Weather watch: Experts warn residents to be ready for storms
CENTRAL Queensland residents should prepare for another day of unstable weather, the Bureau of Meteorology has warned.
In its forecast for the Capricornia district today the Bureau predicted severe thunderstorm activity.
“A high near New Zealand maintains a weak ridge along the tropical east coast, while a high west of Tasmania extends a ridge over southwest Queensland,” the Bureau said.
“A slow moving trough extends from the Gulf Country southward through the eastern inland, with moist and unstable air to its north and east.
“A series of upper level troughs will move across central and southern parts of the state, enhancing the instability and supporting severe thunderstorms over eastern parts of the state during Tuesday and Wednesday.”
Forecasters said conditions should stabilise about the east on Thursday as the trough pushed offshore.
The looming threat of severe storms comes after several days of instability, which has led to heavy rain in some parts of the CQ district, as well as a hailstorm in Byfield which uprooted trees and caused damaged to properties.
In the 24 hours to 9am, Byfield recorded 47mm of rain, while falls of 39mm and 38mm were recorded at Marlborough to the north and Castlehope in the Gladstone region respectively.
The latest forecast has prompted the RACQ to urge residents to prepare now before it is too late.
RACQ spokeswoman Lucinda Ross said very dangerous storms were expected.
“Right across the state, people need to be prepared and take this warning seriously,” Ms Ross said.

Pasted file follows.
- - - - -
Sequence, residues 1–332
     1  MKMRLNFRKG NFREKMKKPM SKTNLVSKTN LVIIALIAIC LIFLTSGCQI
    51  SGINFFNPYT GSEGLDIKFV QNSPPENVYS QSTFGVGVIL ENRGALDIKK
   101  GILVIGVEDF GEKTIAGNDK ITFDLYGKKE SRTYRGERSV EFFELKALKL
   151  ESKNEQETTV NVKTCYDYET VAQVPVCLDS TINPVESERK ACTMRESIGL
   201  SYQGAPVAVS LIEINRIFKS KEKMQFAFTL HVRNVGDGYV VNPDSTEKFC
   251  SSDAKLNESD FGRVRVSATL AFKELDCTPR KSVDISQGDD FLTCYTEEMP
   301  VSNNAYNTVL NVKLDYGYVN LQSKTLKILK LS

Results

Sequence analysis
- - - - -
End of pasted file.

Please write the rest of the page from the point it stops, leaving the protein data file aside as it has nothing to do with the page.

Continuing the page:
“We have already at RACQ received more than 400 claims for home and vehicle damage over the last few days alone and we expect that number to rise in the days to come.
“As we do have these warnings in effect now, make sure you get out there, clean up those yards, make sure your gutters are clear of any debris or leaves, make sure you are cleaning up the loose items like outdoor furniture and trampolines from around the property, secure them, garage them so they don’t become a projectile in a storm.”
RSPCA Queensland’s Michael Beatty also urged pet owners to make certain their pets had identification ahead of the predicted storms.
“After every storm we end up with reports of lost – and found – and traumatised animals, many without any identification,” Mr Beatty said.
“Some dogs in particular suffer from what we call storm or firework ‘phobia’.
“Often they will sense the storm coming long before humans can, and the noise of the thunder absolutely terrifies them. They then try to escape from areas they normally wouldn’t think of leaving.”
The RSPCA Qld advises people to keep their animals in a safe and secure environment when leaving them home alone, as Queensland storms continue.
“If you know they suffer from storm phobia it’s ideally best to keep them inside. You can also leave a radio on as that will help as well,” he said.
The RSPCA’s Senior Veterinarian Dr Anne Chester said animals were more likely to cope with a storm if they were left in an environment where they felt comfortable.
“They can become very distressed, and with severe winds predicted, people need to clear any loose objects from the animal’s immediate area,” Dr Chester said.
Owners of smaller pets are also being urged to use common sense when it comes to leaving their animals out during storms.
Dr Chester said the RSPCA dealt with cases of guinea pigs that had drowned after being kept in hutches in the back yard.
“It’s all common sense really, but sometimes common sense is sadly lacking,” she said.